Microsoft's New Xbox One S Will Go On Sale On August 2 -- Will You Buy One? (betanews.com) 108

Microsoft announced on Monday that its new Xbox One S console will go on sale on August 2. To recall, the Xbox One S is 40 percent smaller than the original Xbox One (also the power supply packed in the console itself), and has the processing muscle to stream video in 4K Ultra HD with HDR. BetaNews reports: August 2 is the big date which also sees the release of Windows 10 Anniversary Update. The Xbox One S also features up to 2TB of storage. In all, three versions of the console are available. It's the 2TB model that's grabbing the headlines and the attention of keen gamers, and this model will launch in "limited numbers" priced at $399. The console will launch in Australia, Canada, UK and United States among several other regions. For anyone looking for a slightly cheaper option, the 1TB model will cost $349, while $299 will get you a 500GB version. If you want to add to the single Xbox Wireless Controller included as standard, this will set you back a further $59.99.Are you planning to purchase one of these?
Businesses

SoftBank To Buy British Chip Designer ARM For $32 Billion (cnet.com) 153

SoftBank has agreed to acquire British chip designer ARM Holdings for $32 billion in cash. The purchase will give Japan's multinational telecommunications and Internet corporation a slice of virtually every mobile computing gadget on the planet and future connected devices in the home. ARM, unlike Intel, doesn't manufacture chips, but licenses the design for it. ARM customers shipped roughly 15 billion products with ARM chips inside in 2015. This also marks the first large-scale, cross-border transaction in Britain since it voted to exit the European Union last month. "I have admired this company for over ten years," SoftBank Chief Executive Officer Masayoshi Son told reporters at a press conference in London on Monday. "This is an endorsement into the view of the future of the U.K."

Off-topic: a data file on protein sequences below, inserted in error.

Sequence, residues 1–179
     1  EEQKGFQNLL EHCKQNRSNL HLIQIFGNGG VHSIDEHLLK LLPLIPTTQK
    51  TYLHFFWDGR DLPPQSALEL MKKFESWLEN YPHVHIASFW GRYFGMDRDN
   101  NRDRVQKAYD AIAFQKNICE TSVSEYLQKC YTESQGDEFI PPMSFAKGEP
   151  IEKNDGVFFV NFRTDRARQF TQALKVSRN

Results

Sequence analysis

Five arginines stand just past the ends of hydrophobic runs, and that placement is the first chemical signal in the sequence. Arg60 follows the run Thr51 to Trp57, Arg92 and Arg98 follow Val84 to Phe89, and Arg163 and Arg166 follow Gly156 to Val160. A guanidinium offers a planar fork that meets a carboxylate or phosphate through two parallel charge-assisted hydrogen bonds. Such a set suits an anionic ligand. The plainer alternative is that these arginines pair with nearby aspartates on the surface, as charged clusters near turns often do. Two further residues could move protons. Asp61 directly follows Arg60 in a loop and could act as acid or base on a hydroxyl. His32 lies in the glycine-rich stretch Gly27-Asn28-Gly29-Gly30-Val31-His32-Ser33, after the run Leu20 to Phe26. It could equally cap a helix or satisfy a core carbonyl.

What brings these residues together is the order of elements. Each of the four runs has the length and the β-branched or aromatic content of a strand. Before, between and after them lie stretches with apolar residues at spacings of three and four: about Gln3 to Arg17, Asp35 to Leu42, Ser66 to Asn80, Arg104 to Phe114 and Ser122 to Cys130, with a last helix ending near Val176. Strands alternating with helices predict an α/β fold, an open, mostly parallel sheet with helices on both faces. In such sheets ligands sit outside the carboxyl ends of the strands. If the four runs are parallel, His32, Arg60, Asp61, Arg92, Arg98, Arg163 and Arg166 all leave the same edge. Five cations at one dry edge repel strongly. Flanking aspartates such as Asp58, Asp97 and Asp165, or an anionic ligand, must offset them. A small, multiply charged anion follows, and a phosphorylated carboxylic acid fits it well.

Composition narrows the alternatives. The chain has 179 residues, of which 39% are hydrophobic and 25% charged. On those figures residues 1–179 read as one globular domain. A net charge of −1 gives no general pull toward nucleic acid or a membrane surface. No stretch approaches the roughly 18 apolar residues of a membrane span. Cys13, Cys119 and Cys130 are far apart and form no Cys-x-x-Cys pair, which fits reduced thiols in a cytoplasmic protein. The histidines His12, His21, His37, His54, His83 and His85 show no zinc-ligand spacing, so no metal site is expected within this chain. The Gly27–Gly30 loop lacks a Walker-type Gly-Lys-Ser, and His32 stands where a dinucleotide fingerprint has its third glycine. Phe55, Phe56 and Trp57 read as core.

ARM assumes the tentpole position in chips for mobile devices. It was one of the first companies to aggressively focus on mobile devices while other semiconductor companies were ramping up their efforts on desktops. SoftBank, which is based in Tokyo has become one of the most acquisitive companies in the recent years. It heavily invests in technology, media, and telecommunications companies. ARM could provide an additional boost to SoftBank's mobile strategy. SoftBank, for instance, also owns about 83 percent of the American wireless operator Sprint.